17 Revolutionary Time Averting disaster means accepting its inevitability. January 28, 2010. www.adbusters.org/blogs/blackspot-blog/ revolutionary-time.htm
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Chairman of Ogilvy Group, is witty, personable, and perhaps correct when he points out that, “Advertising adds value to a product by changing our perception, rather than the product itself.”18 Sutherland makes the daring assertion that a change in perceived value can be just as satisfying as what we consider “real” value—and his conclusion has interesting consequences for how we look at life. This idea is among the most dangerous ever presented for sustainability, culture, and the future of marketing. This single concept could cripple our culture. But he’s right. When marketers stop at adding only perceived value to products, we may succeed at marketing, but we are failures of sustainability. For some that will be ok. However, through the very act of promotion (advertising in Sutherland’s case), we can actually create real value—not product value, likely brand value, but definitely not cultural value through the act of promotion. From an agency perspective, Sutherland’s point is pure gold because consumers will always catch on that their perceptions have been manipulated. So, according to Sutherland, the agency (not the company, mind you, or the product or meaningful cultural values) must invent some new value to stick on (or cling to). Authors Dan and Chip Heath put it like this, “The com-
18 Sutherland, Rory, TED Conference October, 2009. www.ted. com/talks/lang/eng/rory_sutherland_life_lessons_from_an_ad_man. html
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panies who mean it are building assets that can’t be easily replicated. Meanwhile, other brands may rack up quick wins with clever stick-on ad campaigns. But, inevitably, that moustache will peel off.” The Heath brothers, however, are part of the “triple bottom line” mindset evolution, moving us from, “companies that do good to do better financially” to “companies that do good and mean it do better financially.” As marketers, we have an opportunity to fall in line. In many cases you may even be responsible for leading.19 While Sutherland’s biography claims that he develops campaigns that blur the line between ad and entertainment, a more modern challenge is that all marketers can do the same; except that it will be through blurring the line between ad and sustainability. But let’s face it: Most advertising is designed to “give permission” to the consumer to buy it—that’s the perception Sutherland creates more or better permissions for the consumption. It is also the major fault that is found in a lot of so-called green marketing. It still supports the “consumption as a way of life” and “shop our way out of trouble” paradigms that prop up much of capitalism today. As we have witnessed over the past few years, this old model of competition is broken. We used to be able to com19 Heath, Dan and Chip, “Why Market Your Company with StickOn Emotion, When You Can Tap the Real Thing” October, 2009. www.fastcompany.com/magazine/139/made-to-stick-an-arms-raceof-goodness.html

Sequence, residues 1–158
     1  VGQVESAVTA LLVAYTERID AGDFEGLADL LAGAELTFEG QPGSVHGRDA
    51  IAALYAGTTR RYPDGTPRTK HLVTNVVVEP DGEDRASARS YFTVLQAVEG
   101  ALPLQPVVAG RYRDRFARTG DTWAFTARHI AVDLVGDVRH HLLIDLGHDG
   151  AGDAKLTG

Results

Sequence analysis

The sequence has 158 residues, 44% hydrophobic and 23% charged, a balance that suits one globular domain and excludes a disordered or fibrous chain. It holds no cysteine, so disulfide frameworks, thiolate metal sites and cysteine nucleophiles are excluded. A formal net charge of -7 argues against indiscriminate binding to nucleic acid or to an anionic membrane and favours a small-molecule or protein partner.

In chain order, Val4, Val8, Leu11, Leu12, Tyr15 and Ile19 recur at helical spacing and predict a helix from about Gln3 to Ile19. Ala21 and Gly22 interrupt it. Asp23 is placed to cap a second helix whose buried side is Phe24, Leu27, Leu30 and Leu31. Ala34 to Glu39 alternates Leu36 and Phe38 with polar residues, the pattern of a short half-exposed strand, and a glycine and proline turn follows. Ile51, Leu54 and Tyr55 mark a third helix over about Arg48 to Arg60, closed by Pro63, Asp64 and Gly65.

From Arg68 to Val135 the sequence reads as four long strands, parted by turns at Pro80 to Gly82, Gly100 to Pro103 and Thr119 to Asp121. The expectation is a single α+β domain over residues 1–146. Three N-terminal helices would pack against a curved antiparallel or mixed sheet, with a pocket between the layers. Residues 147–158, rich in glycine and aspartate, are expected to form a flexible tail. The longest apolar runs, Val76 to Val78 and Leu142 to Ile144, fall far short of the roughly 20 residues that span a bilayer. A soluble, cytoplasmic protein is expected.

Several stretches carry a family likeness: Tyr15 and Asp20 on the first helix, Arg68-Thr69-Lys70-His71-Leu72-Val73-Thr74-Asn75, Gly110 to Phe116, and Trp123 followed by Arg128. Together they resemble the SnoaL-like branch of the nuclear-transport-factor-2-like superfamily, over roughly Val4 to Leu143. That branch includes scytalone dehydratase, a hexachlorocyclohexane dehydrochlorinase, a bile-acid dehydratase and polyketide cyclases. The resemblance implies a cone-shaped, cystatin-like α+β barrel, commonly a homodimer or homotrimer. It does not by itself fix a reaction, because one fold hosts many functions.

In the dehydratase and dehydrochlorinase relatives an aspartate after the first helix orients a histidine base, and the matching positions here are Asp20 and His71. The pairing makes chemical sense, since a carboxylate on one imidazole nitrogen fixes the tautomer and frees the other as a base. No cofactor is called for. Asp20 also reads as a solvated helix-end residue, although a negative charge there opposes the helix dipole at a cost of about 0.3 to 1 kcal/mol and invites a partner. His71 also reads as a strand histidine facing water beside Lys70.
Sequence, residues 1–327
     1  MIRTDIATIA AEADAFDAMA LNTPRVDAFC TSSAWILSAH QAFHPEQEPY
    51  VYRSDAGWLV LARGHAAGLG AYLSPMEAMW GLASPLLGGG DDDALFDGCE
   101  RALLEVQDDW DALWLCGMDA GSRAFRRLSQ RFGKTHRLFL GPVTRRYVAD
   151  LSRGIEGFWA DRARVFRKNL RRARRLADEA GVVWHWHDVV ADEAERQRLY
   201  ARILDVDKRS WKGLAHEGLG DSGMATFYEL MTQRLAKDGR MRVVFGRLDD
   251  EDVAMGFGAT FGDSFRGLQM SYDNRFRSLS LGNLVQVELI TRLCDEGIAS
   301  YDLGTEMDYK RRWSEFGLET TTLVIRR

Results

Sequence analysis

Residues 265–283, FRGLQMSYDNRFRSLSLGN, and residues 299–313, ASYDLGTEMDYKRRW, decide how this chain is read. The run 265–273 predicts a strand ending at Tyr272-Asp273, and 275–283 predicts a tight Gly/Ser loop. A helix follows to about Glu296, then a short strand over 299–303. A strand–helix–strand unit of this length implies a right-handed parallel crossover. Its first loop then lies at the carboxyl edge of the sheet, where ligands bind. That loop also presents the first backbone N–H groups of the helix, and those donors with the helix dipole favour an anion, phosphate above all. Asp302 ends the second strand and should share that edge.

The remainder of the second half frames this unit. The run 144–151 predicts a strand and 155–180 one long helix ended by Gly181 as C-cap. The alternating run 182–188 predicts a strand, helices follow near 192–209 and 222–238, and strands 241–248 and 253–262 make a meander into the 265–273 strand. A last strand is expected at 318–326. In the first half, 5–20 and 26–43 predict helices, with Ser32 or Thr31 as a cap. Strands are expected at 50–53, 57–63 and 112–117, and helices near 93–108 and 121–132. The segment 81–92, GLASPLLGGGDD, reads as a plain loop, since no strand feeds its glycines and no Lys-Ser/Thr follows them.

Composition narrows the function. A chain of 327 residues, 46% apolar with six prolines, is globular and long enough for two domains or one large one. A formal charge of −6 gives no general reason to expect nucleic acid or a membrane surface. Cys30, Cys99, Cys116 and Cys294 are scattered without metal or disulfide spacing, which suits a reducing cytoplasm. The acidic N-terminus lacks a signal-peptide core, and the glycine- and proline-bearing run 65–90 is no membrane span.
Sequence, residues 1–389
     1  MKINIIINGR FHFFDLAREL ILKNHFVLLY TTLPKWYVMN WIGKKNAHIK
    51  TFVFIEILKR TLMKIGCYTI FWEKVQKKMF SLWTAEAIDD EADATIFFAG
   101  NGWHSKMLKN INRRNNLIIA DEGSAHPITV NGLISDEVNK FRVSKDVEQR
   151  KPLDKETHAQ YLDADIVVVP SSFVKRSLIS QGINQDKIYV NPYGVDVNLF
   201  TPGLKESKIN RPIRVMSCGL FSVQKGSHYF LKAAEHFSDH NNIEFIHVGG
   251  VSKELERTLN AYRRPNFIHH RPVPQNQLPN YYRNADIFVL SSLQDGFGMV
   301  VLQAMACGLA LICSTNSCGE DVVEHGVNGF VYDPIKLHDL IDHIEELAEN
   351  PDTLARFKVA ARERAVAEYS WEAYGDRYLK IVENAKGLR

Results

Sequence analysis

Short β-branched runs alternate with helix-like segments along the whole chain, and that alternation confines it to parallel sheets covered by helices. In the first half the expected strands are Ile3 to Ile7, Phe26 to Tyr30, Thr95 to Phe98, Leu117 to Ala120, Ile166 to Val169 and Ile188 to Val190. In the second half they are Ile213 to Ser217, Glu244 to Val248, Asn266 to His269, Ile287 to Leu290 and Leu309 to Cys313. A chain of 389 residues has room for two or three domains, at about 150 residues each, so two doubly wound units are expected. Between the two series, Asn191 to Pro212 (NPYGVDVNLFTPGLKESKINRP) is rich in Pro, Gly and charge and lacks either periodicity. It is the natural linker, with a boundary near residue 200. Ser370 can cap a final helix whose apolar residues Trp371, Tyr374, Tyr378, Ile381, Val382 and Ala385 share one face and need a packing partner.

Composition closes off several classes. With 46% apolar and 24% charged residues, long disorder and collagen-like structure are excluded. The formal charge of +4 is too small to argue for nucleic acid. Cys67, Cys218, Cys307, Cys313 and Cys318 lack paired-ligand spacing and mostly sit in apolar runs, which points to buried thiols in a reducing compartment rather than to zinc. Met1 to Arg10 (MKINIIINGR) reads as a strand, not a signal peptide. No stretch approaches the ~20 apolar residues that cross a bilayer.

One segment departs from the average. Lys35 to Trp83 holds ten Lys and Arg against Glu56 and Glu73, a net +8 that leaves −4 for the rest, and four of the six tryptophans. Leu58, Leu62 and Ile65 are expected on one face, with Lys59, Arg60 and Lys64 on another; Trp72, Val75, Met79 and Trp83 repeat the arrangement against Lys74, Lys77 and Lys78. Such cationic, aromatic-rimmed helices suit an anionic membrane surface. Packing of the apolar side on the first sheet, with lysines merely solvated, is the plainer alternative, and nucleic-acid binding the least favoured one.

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pete on oneupmanship: Fast vs. Faster. Fruity vs. Fruitier. Red vs. Redder. This model does not work on a linear line; it is unsustainable—like annual growth of 15 percent forever as if we were operating on an edgeless, frictionless plane. So, as a result, companies invent new attributes. In a sense, this is what is going on with green marketing. It has become a game of green vs. greener. Which is not a bad thing, mind you, until it ends. So what if authenticity was a value to be communicated? No one can be more me than me. Here’s where it gets unapologetically political: Capitalism, unchecked, succeeds only at the game of capitalism. What if we created new promotions that consumers requested, even bid for the opportunity to partake in? What if the promotion was as valuable, or even more so than the product itself ? Carry it to the extreme and the product becomes a souvenir of the promotion. Let’s take a cue from these entrepreneurial programs like Project H, ProjectM, and IDEO and apply the same principles to marketing. They are using design to create enduring civic and cultural value. We can use marketing and promotion to do the same. It has been argued that some brands have enduring value. But this enduring value comes at a tremendous marketing expense designed to remind us, sometimes hourly, of this value. A lot of branding, it seems, is like a kid in the corner screaming, “Remember me! Remember me!” With the average